Basically, any “ism” or group that was underrepresented in the mainstream press was a prime editorial focus and audience target of the alternative press.
One could chart the fortunes of cultural trends by the tone of the editorial writing in these publications – ranging from optimism and anticipation to depression or even rage – depending on the prevailing sociological or political currents of the day.
One friend of mine called it the “alt-weekly shrill-o-meter” – with the decibel level rising or falling with the fortunes of urban-progressive forces in America.
One of the foundational premises of alt-weeklies was that they should be available free to everyone, and therefore they were given wide distribution everywhere urban-aware people congregated.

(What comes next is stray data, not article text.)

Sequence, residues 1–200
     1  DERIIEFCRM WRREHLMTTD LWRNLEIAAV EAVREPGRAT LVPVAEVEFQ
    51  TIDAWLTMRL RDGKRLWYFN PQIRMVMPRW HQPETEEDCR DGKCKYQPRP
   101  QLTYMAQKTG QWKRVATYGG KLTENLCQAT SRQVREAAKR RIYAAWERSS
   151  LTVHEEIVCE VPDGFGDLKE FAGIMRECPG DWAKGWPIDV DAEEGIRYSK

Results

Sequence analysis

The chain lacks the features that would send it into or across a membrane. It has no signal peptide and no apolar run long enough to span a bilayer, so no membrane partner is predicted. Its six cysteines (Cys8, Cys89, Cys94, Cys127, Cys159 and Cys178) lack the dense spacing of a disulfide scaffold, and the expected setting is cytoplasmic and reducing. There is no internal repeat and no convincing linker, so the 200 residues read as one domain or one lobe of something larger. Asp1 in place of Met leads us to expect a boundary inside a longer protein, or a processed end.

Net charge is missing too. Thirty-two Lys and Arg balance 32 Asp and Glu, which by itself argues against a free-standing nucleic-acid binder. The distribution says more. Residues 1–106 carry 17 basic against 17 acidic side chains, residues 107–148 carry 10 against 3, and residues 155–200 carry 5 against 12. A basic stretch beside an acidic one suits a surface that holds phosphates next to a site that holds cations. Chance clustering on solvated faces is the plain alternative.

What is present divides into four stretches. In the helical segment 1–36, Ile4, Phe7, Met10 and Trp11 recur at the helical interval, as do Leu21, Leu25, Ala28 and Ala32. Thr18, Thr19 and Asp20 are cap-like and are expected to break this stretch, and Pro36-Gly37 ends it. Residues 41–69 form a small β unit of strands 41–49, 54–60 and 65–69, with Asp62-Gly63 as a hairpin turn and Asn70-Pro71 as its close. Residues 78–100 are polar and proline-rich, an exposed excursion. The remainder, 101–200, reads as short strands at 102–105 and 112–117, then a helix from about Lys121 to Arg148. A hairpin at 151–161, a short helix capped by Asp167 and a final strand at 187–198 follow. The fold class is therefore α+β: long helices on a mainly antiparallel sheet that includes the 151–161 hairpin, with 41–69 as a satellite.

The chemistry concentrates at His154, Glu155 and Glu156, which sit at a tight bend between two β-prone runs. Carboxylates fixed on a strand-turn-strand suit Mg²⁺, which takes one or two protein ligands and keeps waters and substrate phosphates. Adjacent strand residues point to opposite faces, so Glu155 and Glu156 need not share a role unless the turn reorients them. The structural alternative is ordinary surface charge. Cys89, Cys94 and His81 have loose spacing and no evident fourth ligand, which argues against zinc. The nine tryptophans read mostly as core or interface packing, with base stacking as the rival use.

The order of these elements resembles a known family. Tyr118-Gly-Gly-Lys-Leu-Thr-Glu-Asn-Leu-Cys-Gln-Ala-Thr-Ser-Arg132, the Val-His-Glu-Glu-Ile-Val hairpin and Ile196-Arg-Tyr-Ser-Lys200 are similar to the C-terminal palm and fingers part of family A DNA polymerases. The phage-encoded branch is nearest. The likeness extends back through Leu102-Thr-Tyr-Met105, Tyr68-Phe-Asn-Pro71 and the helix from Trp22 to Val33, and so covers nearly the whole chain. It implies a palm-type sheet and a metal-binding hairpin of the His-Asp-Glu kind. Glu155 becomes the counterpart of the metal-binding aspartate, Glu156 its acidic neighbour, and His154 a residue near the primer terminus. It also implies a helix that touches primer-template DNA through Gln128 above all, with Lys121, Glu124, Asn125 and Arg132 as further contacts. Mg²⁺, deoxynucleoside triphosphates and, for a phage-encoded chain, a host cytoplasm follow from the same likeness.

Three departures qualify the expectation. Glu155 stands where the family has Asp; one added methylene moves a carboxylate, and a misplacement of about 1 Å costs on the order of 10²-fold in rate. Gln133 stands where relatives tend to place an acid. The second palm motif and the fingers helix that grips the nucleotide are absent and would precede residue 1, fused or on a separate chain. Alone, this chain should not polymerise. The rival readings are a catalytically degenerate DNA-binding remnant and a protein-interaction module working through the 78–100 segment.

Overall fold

The costs of production, printing and distribution were paid for through varied and frequently entertaining (of the voyeur sort) advertising.
Back in the late 1980s I was acquainted with a fellow who sold advertising for one such paper, Minneapolis-based City Pages. He earned a tidy-if-modest living selling advertising space for independent restaurants, funky specialty retailers, dive bars, performance spaces and the myriad music groups that were prevalent on the Twin Cities scene.
Other regular advertisers he relied on were the ones peddling more “questionable” fare like phone chat lines (of whatever persuasion one might prefer) and other services one can euphemistically characterize as “adult.”
Some people contend that these advertisers did as much as anything to keep many an alt-weekly publication afloat in the pre-Internet days.